"Sounding apologetic, the Punjab government retaliated by blaming the attacks on sectarian organizations, which, might very well be the case ... but the more important question is, even if the instigators of the violence were clerics and sectarian organisations and their band of thugs, how would one explain the participation of the common Muslims of Gojra in the attack who were neither paid thugs nor members of the accused sectarian organisation?"

In one of our highest rated stories, The Daily Times (Pakistan) also used its editorial page to call attention (NT reviews) to local authorities' failure, saying it fit a "pattern of violence" against Christians in the region:

"Smaller incidents of persecution of the Christians have never stopped, but Gojra tells us that holocausts can repeat themselves as civic virtue declines in Pakistan under the influence of extremism ...

"These are signals of doom. And the crime is being committed by the non-state actors that were once considered “assets” of the military-state. Their dominance in Punjab is well established and their control over local population to the detriment of local administration is also well known. The laws mean nothing under these circumstances."

Supreme Court Ruling

Lawyers shout slogans against Pervez Musharraf outside the Karachi Bar Association on July 31, 2009, after the Pakistan Supreme Court ruled the former president trampled the constitution when he imposed emergency rule two years ago and all actions taken by him then were illegal. Lawyers and politicians welcomed Friday's judgment, delivered by a panel of 14 judges, as a landmark ruling that would deter future power grabs by Pakistani generals. Credit: Reuters/DaylifeA long-awaited and substantial development in Pakistan's political sphere came late last week, when the Supreme Court ruled former president Pervez Musharraf's emergency powers decree in 2007 was unconstitutional, but declined to open a treason trial against him. Dawn ran (NT reviews) a well-received report on the story, and a blogger at Five Rupees weighed in (NT reviews) on the court's decision:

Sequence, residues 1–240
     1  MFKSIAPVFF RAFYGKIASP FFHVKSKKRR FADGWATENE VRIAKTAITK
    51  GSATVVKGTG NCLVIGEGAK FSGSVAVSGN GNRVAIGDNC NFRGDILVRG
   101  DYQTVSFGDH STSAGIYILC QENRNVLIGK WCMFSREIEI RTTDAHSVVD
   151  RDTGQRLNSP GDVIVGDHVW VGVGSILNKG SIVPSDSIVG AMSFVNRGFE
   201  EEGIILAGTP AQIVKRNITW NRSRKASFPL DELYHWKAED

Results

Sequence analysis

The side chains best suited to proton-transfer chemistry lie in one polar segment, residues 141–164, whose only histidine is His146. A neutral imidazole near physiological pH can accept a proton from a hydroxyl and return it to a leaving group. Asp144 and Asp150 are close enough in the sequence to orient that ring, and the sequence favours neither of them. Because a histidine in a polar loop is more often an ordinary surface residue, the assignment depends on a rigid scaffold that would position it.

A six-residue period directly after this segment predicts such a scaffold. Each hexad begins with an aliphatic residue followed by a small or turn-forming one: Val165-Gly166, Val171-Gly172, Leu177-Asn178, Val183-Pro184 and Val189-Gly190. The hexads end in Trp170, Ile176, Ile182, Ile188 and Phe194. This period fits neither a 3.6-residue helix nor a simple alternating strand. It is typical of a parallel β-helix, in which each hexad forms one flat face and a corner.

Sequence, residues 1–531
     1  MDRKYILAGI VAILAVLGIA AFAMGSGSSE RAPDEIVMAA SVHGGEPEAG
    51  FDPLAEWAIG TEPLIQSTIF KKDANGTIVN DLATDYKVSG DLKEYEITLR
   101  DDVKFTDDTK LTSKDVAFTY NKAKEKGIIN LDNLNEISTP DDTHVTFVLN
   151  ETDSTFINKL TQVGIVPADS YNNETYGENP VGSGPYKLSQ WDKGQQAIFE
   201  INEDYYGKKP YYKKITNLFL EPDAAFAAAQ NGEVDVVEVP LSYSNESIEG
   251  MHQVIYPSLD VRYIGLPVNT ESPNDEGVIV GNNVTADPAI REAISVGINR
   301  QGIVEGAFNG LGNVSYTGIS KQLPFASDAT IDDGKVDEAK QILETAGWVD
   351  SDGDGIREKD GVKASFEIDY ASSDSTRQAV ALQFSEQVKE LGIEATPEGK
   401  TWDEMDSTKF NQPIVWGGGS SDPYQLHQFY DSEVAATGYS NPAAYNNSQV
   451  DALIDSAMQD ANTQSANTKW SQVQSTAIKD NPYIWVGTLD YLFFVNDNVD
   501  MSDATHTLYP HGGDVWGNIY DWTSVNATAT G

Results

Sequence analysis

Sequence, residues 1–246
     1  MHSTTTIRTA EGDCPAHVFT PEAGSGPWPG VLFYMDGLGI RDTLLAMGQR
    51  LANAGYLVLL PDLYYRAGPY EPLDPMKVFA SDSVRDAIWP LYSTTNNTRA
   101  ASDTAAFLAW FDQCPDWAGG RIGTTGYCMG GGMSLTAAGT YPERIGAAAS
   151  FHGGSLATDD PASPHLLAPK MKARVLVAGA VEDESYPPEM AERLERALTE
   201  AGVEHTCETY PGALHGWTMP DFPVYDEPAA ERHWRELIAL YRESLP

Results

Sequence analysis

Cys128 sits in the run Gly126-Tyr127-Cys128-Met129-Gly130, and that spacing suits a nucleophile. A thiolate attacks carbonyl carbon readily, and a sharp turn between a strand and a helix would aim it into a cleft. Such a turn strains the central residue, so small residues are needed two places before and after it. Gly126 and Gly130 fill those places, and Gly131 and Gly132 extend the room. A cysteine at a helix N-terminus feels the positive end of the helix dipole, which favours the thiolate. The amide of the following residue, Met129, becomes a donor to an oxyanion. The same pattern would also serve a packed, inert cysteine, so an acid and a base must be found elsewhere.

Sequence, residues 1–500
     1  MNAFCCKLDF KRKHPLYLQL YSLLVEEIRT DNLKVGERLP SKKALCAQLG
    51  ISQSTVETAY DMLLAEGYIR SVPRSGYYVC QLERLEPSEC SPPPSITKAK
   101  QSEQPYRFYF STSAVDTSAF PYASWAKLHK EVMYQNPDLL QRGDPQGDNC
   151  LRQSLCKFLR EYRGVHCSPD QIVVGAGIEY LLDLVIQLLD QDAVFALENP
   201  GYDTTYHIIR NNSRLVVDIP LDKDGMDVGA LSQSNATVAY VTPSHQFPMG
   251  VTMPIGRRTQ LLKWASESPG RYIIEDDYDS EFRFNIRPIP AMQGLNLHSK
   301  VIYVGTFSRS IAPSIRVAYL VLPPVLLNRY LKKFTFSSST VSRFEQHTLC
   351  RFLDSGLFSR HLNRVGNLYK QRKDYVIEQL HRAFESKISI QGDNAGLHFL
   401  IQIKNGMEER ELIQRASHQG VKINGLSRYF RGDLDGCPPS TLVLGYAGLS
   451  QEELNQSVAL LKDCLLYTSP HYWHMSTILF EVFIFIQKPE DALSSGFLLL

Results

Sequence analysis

"the judiciary (and by that I mean [Chief Justice Iftikhar] Chaudhary) thinks Musharraf is irrelevant now that he is no longer in power. Therefore it makes little sense to waste time, energy, and political capital, and risk considerable political turmoil, for someone who doesn't matter anymore ...

"Chaudhary (like Musharraf) is a patriot, and might have reasoned that there is enough political turmoil in the country as it stands. He might also have been politely told by stakeholders as varied as Kayani and Gillani that this might not be an especially bright idea."

In a related story, the Washington Post ran a highly rated op-ed on how Pakistani leaders have manipulated (NT reviews) pro-democracy forces in the country for political gain.

For a full listing of our top rated stories since the News Hunt started, click here.

Join the News Hunt

Our Pakistan News Hunt with Huffington Post continues through Sunday, August 8th. We hope you'll join the hunt before it ends and start reviewing reports on Pakistan from around the world.

We'd also like to welcome our new co-host for this Pakistan News Hunt, Emma Asomba, who joined us from Huffington Post last week, and will help us lead this community effort for the rest of the week -- keep an eye out for his insightful reviews on our Pakistan page. See you there!


-- Derek Hawkins, with Fabrice Florin, Kaizar Campwala and Joey Baker